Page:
The word code is often associated with computers and programming (not surprisingly that’s the common usage in all the previous books as well), but really it can be any system of transferring information. I want to send you a message by waving a flashlight, perhaps using Morse code. That’s a code. Codes can be arbitrary. Why are dogs called “dogs” and not “cats“? The important property of a code is that it be intelligible. So codes aren’t just in computers, they’re everywhere. Some codes may be arbitrary, but some, like Morse, are designed to be efficient. Common letters are assigned shorter sequences.
Speaking of Morse, apparently during WWII the BBC would play the Fifth Symphony opening, dih dih dih dah, because that’s V. For Victory. Of course, Beethoven didn’t intend to convey that meaning. The book glosses over this (at least for now), but I think it’s an important point. The reinterpretation and misinterpretation of codes can be very powerful. We can’t change what someone says, but we can change what they mean. And in reverse, of course. So that’s something to think about.
Key observation about Morse: dots and dashes. Two symbols. Two. Apparently this is important. Little foreshadowing.
Chapter two continues our investigation of Morse. The typical table maps letters to dots and dashes, which makes it easy to send. But decoding an incoming message requires scanning the second column of a table with no apparent ordering. Imagine how much easier it would be to use a reverse lookup table. While building our reverse table, we might notice that it can also be represented as a tree, with each node branching dot or dash. At the top we have E and T, dot and dash. Each level we add to the tree doubles the number of letters, plus numbers and symbols, we can represent. And if we extend things all the way to 8 levels, 8 possible dots or dashes, that may even be enough to represent a great many symbols.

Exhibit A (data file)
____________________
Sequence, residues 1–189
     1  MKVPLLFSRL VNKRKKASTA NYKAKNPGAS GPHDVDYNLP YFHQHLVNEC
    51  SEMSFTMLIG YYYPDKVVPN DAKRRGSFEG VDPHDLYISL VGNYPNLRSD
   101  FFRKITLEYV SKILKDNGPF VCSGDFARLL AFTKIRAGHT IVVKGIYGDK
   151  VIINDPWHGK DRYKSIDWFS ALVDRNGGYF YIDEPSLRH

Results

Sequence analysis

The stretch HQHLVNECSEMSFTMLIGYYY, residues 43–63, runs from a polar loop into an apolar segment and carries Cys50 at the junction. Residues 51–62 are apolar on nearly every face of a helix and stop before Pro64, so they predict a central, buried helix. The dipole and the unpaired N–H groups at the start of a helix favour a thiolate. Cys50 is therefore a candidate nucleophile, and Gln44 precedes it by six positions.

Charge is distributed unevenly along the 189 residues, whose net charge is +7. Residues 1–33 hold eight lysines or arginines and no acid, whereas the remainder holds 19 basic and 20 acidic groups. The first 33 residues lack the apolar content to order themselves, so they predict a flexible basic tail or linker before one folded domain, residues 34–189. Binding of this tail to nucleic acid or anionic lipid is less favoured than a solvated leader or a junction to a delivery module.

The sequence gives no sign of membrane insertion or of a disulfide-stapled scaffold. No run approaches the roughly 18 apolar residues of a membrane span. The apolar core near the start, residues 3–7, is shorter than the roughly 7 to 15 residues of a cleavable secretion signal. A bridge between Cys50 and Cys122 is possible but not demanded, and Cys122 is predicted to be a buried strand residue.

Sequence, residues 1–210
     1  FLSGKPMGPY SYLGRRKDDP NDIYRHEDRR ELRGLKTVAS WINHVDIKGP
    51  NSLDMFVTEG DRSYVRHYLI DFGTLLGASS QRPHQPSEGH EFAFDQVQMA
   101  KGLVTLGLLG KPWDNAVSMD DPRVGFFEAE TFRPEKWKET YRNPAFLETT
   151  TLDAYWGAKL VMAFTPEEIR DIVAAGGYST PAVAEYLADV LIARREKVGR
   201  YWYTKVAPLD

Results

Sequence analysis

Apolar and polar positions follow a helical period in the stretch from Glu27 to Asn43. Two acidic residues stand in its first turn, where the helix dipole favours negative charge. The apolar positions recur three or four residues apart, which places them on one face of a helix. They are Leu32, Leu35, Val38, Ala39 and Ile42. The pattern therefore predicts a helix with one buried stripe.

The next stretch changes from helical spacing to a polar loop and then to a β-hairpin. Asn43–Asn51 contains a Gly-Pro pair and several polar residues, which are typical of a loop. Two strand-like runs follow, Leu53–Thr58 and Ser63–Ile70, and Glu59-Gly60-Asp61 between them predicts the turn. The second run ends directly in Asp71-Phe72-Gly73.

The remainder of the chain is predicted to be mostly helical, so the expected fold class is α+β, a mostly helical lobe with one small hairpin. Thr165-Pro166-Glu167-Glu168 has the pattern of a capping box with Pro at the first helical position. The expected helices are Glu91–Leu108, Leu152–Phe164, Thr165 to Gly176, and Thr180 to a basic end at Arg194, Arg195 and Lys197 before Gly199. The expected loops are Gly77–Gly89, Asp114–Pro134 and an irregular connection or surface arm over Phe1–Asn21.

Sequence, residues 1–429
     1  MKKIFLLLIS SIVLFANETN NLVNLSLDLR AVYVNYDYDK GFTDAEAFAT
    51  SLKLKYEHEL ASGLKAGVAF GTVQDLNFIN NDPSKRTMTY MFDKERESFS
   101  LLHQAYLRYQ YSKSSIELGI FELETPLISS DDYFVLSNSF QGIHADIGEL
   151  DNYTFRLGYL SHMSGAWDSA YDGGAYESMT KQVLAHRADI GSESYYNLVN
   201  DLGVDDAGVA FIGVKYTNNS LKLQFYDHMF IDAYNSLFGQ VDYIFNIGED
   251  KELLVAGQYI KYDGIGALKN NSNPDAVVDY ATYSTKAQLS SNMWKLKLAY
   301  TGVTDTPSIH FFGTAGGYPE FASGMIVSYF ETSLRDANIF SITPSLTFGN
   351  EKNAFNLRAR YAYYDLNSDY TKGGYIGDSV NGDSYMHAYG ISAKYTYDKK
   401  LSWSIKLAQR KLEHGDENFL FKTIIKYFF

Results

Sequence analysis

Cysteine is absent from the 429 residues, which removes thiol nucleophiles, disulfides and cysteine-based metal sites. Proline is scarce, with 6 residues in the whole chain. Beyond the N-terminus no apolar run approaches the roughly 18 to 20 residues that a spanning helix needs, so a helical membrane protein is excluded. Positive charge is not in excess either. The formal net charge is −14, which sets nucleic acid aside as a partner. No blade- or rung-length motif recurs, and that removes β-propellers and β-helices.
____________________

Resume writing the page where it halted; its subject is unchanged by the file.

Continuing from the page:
Take your time. Do things right. But don’t take too long. Get things done. Life sure is hard. Unless you’re Goldilocks and everything is just right.
A common theme does seem to be that it’s easy, in the moment, for the sake of expediency, to cut a corner. And maybe this is even the best thing to do for now. But such quick hacks have a tendency to pile up until they become the only way to get things done. So keep a weather eye out.
Code that doesn’t ship isn’t worth much. Heard that a couple times. But at what cost?